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28 May 2024

Starting from April 2026, HMRC is changing the way Income Tax and Class 1A National Insurance Contributions (NICs) on benefits are reported and paid. Find out what these changes are and what they mean for UK businesses.

HMRC is introducing key changes to the reporting and taxation of Benefits in Kind (BiK) that will impact both employers and employees. From April 2026, Income Tax and Class 1A National Insurance Contributions (NICs) on benefits will no longer be reported through P11D forms. Instead, employers will need to integrate these contributions directly into their payroll systems.

What are Benefits in Kind?
Benefits in Kind (sometimes known as ‘benefits’ or ‘fringe benefits’) are non-cash perks offered to employees, providing value beyond their basic salary. Common examples include company cars, gym memberships, private health insurance, and childcare vouchers. These perks play a significant role in attracting and retaining talent. Historically, BiKs have required additional reporting for businesses through the use of P11D forms every tax year.

How does payrolling benefits work?
Payrolling benefits simplifies the taxation process by including the cash equivalent of non-salary benefits directly in the employee’s payroll. This streamlines the administration process and also ensures greater transparency and efficiency in how these benefits are taxed. The changes mean that benefits are taxed through payroll, removing the need for any end-of-year adjustments.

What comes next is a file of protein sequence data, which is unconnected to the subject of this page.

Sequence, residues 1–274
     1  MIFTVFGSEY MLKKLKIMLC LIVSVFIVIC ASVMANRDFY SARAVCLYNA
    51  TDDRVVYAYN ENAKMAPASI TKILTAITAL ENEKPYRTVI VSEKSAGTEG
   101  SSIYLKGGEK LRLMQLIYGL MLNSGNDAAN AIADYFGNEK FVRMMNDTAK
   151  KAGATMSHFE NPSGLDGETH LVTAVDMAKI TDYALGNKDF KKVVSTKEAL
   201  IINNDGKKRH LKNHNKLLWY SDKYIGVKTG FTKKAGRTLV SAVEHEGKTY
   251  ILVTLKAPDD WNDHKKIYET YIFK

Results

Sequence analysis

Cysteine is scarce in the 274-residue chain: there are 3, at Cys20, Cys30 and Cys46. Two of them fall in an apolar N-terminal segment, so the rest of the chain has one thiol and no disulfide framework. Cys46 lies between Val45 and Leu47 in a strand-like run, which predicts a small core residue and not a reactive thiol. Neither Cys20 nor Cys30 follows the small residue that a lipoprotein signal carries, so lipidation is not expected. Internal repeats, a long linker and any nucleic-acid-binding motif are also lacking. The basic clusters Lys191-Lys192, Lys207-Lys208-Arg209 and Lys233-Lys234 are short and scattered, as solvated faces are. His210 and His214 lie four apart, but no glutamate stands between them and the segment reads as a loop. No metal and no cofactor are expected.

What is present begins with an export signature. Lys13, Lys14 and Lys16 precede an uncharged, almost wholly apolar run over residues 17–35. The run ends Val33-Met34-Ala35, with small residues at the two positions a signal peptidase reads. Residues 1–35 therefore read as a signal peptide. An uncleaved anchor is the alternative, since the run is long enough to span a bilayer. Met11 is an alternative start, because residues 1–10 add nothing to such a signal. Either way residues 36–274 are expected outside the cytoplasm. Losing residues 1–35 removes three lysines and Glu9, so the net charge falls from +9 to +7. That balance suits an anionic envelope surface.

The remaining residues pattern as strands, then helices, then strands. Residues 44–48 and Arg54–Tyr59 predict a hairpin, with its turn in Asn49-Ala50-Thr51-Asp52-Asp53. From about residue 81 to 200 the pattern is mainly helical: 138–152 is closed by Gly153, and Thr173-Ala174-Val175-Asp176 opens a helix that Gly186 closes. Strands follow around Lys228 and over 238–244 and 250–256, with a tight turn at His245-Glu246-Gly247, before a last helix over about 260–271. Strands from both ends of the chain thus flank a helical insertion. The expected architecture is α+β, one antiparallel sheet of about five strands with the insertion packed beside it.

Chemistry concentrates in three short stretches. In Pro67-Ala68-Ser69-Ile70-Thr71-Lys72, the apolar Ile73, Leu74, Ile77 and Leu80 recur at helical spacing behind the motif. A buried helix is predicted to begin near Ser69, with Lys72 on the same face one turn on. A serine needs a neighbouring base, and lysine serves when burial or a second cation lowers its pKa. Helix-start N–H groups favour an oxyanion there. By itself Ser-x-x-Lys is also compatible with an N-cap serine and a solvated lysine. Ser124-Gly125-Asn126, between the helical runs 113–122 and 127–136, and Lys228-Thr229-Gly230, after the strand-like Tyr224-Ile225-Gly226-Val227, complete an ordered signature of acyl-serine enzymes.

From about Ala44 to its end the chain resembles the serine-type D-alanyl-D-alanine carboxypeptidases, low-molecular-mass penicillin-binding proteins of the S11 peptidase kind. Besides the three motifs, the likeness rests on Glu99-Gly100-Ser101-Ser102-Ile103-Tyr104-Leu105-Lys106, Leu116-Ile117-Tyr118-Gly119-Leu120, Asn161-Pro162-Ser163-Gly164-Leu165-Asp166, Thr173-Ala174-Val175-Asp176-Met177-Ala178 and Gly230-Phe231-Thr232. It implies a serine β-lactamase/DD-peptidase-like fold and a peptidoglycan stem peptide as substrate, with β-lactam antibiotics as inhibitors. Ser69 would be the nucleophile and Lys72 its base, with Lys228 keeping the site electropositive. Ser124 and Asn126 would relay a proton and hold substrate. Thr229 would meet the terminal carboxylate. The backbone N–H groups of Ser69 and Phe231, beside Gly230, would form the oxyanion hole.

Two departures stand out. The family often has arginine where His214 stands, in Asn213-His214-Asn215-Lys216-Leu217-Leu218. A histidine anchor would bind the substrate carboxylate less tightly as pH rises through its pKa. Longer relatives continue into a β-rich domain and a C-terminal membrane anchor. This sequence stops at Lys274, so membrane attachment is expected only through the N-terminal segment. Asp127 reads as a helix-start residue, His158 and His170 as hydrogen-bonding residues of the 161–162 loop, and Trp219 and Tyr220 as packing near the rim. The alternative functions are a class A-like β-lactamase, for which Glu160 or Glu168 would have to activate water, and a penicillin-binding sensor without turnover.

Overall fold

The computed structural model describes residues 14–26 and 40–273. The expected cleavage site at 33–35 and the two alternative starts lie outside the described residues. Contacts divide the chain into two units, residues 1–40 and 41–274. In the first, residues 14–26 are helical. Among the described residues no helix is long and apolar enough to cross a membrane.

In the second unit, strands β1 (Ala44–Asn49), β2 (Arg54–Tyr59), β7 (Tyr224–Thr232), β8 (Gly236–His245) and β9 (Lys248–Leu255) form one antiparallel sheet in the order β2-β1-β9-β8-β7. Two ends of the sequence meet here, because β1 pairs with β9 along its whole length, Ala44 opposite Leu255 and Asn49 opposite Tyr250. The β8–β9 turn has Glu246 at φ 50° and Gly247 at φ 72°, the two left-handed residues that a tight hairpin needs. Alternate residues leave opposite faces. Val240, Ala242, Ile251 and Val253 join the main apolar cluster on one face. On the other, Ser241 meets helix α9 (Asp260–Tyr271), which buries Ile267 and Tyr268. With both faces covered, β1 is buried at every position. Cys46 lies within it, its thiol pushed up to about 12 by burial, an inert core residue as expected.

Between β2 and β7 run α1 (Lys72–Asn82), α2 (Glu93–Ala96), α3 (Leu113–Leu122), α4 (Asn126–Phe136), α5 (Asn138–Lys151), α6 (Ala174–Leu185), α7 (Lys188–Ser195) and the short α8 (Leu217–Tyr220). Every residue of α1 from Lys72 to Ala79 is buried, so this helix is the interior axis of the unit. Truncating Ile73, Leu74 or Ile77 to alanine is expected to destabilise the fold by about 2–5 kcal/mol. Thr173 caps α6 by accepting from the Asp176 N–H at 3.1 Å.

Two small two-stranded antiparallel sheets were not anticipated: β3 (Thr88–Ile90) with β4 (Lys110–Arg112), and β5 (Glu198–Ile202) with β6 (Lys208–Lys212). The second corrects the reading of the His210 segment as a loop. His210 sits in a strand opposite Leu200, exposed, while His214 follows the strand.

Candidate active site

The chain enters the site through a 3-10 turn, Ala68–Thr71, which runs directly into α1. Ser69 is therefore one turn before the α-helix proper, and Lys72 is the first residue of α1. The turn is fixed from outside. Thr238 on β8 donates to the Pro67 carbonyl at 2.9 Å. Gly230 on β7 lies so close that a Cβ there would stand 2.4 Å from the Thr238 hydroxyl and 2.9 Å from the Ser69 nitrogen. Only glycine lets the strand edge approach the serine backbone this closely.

What does this mean for employers?
By April 2026, employers will no longer need to report benefits on a P11D. Instead, they must ensure their payroll software is equipped to handle employee benefits directly. This change will require employers to use HMRC-approved PAYE payroll software that includes payroll benefits. Employers should proactively update or upgrade their payroll systems to meet the new requirements. The goal is to simplify and modernise payroll processes for businesses.

How to implement payrolling to Benefits in Kind
Payrolling benefits involve calculating the taxable value of each benefit and distributing that amount across each employee’s paychecks throughout the year. This simplifies tax matters for everyone, making it easier for both you and your employees to track and manage tax obligations.

You don’t have to wait until April 2026 to change to payrolling benefits as you can make the changes now. To get started, simply register for HMRC’s online service for payrolling benefits and expenses before the start of the tax year you want to make the switch.

Our thoughts
Payrolling benefits is a significant step towards modernising payroll practices. We encourage employers to proactively prepare and make the necessary changes before the April 2026 deadline to ensure a smooth transition.